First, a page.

Australian soldier’s death in Iraq covered-up

Private Jacob Kovco: the unanswered questions

Like everything associated with the invasion of Iraq, the military board of inquiry into the death of Private Jacob Kovco has become a fiasco laced with lies and cover-up. On April 21, Kovco, aged just 25, became the first Australian soldier to die in Iraq after being shot through the head with his own 9mm Browning pistol while in his barracks at the Australian Embassy in Baghdad.

From the outset, Defence Minister Brendan Nelson lied about the circumstances of Kovco’s death. At the same time, Australian consular officials handed his corpse over to a private contractor in Kuwait, which then transported the body of a Bosnian civilian contractor to Australia for burial. Immediately, it appeared that the government was hiding something.

Kovco had just come off shift from one of the most psychologically traumatising tasks performed by Australian troops in Iraq. He was an elite sniper, protecting the convoys of light armoured vehicles that transport Australian military, political, diplomatic and intelligence officials around the war-torn capital.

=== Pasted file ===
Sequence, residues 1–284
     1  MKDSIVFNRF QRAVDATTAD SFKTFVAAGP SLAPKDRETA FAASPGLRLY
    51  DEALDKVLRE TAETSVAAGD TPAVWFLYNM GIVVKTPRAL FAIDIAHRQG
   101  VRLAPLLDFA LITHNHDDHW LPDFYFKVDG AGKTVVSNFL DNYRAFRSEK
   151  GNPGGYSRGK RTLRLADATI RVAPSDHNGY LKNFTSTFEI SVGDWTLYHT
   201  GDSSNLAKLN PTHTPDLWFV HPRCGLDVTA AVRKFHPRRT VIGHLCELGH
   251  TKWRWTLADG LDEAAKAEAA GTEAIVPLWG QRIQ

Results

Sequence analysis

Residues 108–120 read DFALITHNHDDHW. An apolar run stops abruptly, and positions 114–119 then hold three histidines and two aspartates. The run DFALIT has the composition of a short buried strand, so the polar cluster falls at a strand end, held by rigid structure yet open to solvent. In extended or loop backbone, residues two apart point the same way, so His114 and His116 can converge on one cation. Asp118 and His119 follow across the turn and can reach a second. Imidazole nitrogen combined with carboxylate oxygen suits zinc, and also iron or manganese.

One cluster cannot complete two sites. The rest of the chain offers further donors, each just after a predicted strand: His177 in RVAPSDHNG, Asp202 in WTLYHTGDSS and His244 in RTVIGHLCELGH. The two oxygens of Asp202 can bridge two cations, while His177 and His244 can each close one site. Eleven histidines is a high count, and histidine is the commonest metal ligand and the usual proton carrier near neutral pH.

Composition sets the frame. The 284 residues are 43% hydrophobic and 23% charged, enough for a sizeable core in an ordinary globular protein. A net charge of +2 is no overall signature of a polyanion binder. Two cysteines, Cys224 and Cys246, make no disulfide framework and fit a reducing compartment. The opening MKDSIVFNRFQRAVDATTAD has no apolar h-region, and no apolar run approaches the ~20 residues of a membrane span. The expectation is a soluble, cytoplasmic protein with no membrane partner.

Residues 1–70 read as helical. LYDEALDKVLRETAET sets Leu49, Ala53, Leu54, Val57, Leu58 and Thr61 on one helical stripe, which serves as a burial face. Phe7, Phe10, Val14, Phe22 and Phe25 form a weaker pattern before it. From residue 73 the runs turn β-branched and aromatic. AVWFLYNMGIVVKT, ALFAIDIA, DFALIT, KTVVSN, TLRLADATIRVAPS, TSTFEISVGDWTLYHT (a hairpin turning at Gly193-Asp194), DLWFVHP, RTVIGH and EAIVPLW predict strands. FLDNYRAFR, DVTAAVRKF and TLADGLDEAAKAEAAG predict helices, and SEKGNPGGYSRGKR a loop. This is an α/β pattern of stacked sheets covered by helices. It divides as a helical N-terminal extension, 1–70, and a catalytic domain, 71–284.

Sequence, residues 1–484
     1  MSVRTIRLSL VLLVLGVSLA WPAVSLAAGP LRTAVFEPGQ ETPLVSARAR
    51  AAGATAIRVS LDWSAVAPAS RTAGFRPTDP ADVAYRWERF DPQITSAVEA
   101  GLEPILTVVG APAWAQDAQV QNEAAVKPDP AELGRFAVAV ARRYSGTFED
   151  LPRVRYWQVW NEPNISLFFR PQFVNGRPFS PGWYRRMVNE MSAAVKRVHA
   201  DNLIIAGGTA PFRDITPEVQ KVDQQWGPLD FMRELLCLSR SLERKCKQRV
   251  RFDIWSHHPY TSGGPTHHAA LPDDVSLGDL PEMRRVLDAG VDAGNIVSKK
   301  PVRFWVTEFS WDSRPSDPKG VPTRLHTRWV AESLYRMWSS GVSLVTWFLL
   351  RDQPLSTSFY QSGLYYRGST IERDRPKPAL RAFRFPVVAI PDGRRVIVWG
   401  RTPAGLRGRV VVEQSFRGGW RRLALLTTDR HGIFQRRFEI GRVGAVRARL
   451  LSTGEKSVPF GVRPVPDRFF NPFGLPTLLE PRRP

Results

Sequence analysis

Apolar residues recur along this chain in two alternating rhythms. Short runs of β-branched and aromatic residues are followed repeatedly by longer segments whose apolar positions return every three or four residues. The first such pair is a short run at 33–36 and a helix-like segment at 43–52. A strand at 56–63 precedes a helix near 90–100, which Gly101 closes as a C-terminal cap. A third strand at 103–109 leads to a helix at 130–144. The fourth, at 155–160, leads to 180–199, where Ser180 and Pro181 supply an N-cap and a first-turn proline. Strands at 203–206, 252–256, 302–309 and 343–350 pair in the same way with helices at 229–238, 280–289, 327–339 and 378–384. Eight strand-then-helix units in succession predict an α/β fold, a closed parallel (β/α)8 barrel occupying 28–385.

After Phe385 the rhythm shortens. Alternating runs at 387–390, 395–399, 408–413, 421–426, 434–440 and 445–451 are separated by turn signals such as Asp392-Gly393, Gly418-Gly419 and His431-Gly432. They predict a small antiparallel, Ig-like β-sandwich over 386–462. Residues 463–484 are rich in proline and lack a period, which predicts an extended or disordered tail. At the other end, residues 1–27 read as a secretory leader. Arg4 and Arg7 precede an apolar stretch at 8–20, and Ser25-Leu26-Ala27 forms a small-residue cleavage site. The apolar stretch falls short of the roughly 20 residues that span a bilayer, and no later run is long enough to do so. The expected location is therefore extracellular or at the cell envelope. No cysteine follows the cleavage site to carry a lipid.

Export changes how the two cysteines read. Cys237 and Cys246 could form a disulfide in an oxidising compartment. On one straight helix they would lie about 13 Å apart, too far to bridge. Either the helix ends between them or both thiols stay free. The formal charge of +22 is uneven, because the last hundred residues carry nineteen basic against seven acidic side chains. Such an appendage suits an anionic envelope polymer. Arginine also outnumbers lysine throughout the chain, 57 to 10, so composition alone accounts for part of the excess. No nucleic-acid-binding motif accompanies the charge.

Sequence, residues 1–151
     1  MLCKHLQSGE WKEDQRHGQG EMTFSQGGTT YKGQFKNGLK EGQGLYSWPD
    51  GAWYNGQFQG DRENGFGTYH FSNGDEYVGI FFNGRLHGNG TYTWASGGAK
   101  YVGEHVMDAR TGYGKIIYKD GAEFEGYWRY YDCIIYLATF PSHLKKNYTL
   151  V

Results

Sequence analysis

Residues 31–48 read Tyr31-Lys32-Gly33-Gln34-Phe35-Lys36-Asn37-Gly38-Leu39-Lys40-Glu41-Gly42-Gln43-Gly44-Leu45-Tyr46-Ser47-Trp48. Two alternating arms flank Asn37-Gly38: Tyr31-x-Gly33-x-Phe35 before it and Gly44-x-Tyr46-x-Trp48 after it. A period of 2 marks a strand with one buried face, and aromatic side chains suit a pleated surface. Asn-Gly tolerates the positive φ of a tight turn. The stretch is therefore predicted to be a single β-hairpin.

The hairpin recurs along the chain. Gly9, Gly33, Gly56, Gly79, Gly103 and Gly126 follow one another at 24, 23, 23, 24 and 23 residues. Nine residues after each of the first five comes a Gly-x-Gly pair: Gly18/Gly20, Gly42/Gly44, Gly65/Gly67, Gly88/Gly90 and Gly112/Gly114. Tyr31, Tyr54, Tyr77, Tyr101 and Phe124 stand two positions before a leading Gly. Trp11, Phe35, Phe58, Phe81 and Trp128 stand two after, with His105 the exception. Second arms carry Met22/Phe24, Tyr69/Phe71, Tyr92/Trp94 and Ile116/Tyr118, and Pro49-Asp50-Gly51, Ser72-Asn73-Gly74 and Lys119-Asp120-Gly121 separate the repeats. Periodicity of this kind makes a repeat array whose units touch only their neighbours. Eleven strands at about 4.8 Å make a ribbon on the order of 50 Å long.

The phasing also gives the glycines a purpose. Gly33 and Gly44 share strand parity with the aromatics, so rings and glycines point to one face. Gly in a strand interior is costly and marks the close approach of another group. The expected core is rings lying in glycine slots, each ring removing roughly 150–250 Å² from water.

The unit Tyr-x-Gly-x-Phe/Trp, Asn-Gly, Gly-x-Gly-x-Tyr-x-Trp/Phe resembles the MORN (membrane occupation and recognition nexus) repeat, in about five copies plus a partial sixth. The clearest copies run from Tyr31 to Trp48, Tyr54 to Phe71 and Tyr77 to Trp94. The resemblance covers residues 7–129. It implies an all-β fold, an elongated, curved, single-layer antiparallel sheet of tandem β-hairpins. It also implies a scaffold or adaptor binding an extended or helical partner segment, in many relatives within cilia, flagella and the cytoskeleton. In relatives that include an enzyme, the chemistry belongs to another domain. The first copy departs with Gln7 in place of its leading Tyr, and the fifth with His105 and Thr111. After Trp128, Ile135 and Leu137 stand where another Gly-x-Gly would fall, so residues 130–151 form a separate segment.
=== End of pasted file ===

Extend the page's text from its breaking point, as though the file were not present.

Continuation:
Only three possibilities existed: Kovco committed suicide, he accidentally shot himself or he was killed by a fellow soldier. Each was politically disastrous for the government, threatening to trigger new concerns about the inhuman conditions faced by the soldiers sent to enforce the US-led occupation of Iraq, and to rekindle widespread opposition to the war.

Five months later, after weeks of contradictory testimony at the inquiry, it is clear that the government and the military brass have worked systematically to prevent the truth ever being known. When the inquiry ended its hearings last week, and its officers retired to write their report, a litany of unanswered questions remained.